Community Hospitals
e-Newsletter
Intelligence Unit Special Reports Special Events Subscribe Sponsored Departments Follow Us

Twitter Facebook LinkedIn RSS

Risk of Mortality Increases with Waist Size

Cheryl Clark, for HealthLeaders Media, August 25, 2010

"But they do not specifically recommend weight loss goals for abdominally obese patients (waist circumference of 88 cm or more in women or 103 cm in men) who are in the normal or overweight BMI category unless they also have two or more cardiovascular risk factors or a desire to lose weight."

The researchers, including epidemiology researcher Eric J. Jacobs and colleagues at the Atlanta ACS, could not say for sure what might be causing the higher mortality rates.  However, large waist circumference, also known as being shaped like a pear, has been associated with inflammatory processes, insulin resistance, diabetes, abnormal cholesterol levels and heart disease, according to other research.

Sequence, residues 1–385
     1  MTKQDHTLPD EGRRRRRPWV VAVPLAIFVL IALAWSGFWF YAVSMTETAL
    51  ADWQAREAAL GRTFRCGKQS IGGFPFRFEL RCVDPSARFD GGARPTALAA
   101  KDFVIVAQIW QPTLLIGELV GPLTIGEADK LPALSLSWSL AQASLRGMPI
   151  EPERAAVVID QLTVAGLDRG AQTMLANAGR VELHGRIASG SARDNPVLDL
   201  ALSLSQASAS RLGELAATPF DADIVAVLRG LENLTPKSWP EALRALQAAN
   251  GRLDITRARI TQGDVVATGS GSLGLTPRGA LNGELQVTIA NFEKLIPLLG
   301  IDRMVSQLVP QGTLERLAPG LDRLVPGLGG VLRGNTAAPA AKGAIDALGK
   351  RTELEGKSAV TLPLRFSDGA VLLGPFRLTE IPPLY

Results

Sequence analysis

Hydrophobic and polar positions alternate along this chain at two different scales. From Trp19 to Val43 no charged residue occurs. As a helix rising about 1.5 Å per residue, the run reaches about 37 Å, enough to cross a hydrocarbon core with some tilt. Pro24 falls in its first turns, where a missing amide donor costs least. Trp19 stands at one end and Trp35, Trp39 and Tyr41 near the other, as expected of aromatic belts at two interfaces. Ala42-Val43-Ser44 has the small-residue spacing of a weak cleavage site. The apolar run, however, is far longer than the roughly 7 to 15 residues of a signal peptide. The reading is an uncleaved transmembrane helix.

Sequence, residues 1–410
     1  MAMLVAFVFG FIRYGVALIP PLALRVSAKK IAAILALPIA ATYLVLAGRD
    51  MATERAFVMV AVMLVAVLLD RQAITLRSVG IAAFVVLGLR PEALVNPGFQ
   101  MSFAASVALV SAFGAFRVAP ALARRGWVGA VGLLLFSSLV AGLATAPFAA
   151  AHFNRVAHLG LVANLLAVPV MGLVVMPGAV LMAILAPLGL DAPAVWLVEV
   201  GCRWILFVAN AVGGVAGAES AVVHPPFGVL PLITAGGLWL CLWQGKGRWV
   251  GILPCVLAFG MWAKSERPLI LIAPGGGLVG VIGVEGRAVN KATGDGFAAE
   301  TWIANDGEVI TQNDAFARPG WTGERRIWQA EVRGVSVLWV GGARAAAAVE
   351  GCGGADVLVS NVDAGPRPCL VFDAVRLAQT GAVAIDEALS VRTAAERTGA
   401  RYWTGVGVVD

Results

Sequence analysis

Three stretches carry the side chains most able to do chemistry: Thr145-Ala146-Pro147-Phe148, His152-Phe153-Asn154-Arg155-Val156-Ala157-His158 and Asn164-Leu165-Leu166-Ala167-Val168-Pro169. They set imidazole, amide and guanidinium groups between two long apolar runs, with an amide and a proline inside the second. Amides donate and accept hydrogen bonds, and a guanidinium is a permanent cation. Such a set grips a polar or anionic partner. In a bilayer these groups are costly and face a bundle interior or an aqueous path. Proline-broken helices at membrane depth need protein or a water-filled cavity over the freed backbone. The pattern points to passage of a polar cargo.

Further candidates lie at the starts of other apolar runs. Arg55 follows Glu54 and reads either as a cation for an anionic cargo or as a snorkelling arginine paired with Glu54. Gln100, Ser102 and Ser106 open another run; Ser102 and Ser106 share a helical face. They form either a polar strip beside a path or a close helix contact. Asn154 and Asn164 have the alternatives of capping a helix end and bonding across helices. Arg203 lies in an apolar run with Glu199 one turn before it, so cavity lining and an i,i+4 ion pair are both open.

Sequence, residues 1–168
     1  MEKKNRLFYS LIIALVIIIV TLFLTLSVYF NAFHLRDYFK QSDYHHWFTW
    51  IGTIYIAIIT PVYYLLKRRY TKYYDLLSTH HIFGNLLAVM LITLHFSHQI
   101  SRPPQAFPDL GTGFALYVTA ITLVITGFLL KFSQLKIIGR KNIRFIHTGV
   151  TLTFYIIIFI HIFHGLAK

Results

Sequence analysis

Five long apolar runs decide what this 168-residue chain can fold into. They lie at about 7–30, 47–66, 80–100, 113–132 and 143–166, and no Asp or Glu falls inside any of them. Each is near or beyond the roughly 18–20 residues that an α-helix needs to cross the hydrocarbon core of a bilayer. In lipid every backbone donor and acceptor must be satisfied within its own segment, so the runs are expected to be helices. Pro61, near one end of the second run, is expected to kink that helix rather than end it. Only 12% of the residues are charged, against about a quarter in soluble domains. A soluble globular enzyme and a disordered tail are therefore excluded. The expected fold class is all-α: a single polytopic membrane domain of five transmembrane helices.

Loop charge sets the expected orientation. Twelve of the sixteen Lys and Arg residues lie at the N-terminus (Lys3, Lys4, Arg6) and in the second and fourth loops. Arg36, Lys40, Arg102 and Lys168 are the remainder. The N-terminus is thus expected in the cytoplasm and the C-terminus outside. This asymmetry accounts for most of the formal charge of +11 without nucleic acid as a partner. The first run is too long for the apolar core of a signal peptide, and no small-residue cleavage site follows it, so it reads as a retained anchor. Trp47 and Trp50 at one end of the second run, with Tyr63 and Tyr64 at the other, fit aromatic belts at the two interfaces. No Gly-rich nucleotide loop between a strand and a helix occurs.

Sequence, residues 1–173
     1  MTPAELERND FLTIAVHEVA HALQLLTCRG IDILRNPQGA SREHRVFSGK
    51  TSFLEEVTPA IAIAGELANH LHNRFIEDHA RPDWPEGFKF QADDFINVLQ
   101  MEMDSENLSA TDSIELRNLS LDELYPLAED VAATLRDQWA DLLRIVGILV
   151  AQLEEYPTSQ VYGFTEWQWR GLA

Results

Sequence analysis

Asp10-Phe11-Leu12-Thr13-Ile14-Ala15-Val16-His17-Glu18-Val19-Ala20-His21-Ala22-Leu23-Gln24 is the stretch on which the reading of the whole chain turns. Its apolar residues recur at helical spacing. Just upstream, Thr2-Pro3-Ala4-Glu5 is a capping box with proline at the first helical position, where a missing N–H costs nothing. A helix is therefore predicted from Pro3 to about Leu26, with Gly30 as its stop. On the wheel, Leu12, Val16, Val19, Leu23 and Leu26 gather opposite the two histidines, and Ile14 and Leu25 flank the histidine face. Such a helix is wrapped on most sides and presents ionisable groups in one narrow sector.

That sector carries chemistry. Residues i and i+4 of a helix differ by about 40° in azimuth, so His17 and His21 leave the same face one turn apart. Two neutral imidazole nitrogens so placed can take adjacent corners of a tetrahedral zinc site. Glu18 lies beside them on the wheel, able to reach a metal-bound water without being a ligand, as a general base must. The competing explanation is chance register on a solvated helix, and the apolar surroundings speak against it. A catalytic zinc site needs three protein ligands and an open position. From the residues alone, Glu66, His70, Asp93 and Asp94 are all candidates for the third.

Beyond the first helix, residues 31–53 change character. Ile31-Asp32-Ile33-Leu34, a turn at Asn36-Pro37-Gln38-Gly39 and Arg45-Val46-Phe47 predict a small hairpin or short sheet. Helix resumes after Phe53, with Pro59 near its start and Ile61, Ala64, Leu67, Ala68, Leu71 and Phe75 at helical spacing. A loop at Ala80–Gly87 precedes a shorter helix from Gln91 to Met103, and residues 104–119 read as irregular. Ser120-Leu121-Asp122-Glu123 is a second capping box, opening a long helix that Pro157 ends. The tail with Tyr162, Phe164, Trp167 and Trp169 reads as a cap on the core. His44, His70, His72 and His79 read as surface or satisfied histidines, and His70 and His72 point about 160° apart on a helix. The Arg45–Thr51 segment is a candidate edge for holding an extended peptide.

Another explanation might be that higher amount s of adipose tissue surrounding the viscera or organs in the abdomen, is for some reason more dangerous than having fat tissue under the skin, the researchers suggested.

In their paper, the researchers said that higher death rates were most closely linked to higher waist circumference measurements in patients with respiratory disease, followed by cardiovascular disease and cancer.

The researchers said their study is particularly valuable because it ranked participants on the basis of their waist circumference in 5 or 10 centimeter increments, rather than grouping them in quintiles, so the result scan be more easily applied to other populations, the researchers wrote.

The study looked at waist circumference and mortality among 48,500 men and 56,343 women, all over age 50, who were part of the Cancer Prevention Study II Nutrition Cohort. The cohort, the second in a series, was launched to examine the impact of environmental and lifestyle factors on cancer etiology.  During the study period of nine years, 15,000 participants in the cohort died.


Cheryl Clark is senior quality editor and California correspondent for HealthLeaders Media. She is a member of the Association of Health Care Journalists.
Twitter

Comments are moderated. Please be patient.